to Changing Body Image
DAVID W. KRUEGER
Body image is integral to the sense of self and self-organization. The self and its emotional processes are inherently embodied, cocreated within a relationship, and continuously revised. There is no realm of thought, feeling, or action that can be conceived without bodily engagement and expression. As noted in my earlier chapter in this volume, "Psychodynamic Perspectives on Body Image," the extent to which an individual experiences affects as mental states (i.e., as feelings) rather than solely as body sensations depends on how well primary caregivers facilitated and correctly identified and labeled affective and somatic experiences for the infant and growing child. A preverbal sense of having a boundary between the self and the world (of being within one's skin) and the experience of a solidified sense of self are established through interaction with attuned others. As a cohesive sense of self evolves, the boundary between mind and body dissolves. In the absence of empathic attunement by primary caregivers, the child continues to experience feelings internally, as a body state or experience, or registered only when embedded within an action sequence, but not differentiated and distinguished as feelings within a mental state.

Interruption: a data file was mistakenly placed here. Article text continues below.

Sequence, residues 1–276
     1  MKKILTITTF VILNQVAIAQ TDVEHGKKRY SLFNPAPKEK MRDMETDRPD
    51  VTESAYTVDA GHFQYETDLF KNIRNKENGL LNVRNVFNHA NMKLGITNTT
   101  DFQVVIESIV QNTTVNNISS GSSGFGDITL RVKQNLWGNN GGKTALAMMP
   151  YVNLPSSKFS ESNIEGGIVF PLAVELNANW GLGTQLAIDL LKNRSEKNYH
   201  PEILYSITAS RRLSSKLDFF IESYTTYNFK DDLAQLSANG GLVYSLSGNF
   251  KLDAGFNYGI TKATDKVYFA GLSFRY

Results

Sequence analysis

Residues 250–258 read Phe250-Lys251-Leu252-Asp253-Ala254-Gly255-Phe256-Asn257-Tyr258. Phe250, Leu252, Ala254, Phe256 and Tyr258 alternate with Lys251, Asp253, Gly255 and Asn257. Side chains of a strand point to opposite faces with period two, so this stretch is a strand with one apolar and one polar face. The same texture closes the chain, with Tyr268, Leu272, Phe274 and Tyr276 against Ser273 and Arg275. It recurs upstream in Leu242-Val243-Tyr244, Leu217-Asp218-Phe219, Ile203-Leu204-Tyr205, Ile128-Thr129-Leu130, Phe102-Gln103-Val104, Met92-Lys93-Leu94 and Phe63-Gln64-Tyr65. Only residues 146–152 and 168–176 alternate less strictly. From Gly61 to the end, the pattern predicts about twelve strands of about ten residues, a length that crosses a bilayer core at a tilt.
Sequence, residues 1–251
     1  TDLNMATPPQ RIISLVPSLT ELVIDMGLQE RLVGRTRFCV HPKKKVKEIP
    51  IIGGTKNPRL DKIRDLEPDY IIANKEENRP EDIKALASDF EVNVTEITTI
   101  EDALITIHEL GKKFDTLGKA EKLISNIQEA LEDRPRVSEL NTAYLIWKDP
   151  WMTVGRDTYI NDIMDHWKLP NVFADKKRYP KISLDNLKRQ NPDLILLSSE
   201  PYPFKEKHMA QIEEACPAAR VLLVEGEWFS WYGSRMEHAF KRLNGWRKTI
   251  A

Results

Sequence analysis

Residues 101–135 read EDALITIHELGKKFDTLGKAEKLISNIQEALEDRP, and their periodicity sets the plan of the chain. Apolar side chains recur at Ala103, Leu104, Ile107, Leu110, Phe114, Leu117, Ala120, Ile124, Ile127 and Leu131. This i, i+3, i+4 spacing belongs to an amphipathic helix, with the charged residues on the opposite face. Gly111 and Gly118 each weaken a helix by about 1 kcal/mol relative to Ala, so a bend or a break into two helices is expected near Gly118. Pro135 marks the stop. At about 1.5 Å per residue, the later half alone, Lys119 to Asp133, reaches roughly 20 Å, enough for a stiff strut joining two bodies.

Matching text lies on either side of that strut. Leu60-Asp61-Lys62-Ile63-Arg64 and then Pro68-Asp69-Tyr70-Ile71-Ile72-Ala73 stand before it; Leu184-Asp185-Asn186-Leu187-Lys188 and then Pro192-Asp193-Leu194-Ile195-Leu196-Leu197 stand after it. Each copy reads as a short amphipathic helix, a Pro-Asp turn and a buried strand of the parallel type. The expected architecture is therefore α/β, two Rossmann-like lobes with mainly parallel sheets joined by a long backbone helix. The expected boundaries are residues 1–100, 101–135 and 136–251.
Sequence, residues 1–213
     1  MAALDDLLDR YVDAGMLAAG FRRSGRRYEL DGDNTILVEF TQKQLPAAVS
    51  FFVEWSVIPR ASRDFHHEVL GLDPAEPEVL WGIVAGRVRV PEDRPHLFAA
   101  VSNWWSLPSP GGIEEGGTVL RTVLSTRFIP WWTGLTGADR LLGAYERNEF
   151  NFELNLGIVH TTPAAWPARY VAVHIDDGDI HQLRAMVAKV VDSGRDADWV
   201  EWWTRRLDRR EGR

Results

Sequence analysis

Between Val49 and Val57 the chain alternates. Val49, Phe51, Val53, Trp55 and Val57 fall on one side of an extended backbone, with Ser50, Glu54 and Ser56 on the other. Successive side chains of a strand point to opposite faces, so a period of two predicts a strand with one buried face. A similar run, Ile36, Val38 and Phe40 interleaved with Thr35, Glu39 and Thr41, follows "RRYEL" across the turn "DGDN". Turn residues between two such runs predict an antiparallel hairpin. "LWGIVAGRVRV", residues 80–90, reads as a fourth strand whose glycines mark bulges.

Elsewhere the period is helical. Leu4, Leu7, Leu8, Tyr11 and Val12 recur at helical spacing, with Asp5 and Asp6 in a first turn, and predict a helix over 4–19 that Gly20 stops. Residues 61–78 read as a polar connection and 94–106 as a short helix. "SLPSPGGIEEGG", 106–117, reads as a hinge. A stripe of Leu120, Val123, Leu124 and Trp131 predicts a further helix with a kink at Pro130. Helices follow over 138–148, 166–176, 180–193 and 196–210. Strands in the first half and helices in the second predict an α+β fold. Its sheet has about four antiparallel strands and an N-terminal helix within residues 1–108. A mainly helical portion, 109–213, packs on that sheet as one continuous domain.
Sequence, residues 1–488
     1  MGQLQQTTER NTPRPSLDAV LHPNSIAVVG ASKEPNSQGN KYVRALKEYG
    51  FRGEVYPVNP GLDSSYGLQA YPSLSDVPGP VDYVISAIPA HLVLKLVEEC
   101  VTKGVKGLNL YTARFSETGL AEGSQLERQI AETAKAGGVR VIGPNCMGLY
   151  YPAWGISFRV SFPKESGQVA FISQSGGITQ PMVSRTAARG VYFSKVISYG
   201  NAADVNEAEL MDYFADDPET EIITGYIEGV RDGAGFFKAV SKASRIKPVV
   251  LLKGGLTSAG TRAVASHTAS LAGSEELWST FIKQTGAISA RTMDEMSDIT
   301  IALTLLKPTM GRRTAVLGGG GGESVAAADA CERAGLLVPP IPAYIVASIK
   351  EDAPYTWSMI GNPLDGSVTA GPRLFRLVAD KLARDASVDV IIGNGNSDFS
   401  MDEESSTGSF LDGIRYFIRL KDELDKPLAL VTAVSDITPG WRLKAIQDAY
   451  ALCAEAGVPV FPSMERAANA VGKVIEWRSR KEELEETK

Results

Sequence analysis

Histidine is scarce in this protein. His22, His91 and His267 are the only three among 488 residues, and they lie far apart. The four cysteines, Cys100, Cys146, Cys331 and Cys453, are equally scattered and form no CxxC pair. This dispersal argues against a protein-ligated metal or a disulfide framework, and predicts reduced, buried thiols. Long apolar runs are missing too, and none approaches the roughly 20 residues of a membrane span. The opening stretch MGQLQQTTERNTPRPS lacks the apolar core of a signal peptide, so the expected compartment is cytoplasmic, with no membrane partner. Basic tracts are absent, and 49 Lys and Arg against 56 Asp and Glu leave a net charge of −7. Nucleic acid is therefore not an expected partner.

Empathic attunement and accurate labeling of physical and emotional states teach the child how to (1) identify, differentiate, and desomatize affect, (2) develop an emotional literacy, and (3) experience self-efficacy and mastery. A caregiver's failure to attune empathically to the child leads to unawareness of feeling in the child or to the development of psychosomatic symptoms to bridge an unintegrated mind and body. These acquired limitations in articulating and communicating feeling compromise the child's ability to self-reflect and regulate affect, as well as to distinguish between and